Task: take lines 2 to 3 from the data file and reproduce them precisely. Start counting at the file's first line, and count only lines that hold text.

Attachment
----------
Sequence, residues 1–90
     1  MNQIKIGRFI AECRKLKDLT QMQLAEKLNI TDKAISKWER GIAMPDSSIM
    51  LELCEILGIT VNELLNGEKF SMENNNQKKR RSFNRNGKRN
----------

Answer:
     1  MNQIKIGRFI AECRKLKDLT QMQLAEKLNI TDKAISKWER GIAMPDSSIM
    51  LELCEILGIT VNELLNGEKF SMENNNQKKR RSFNRNGKRN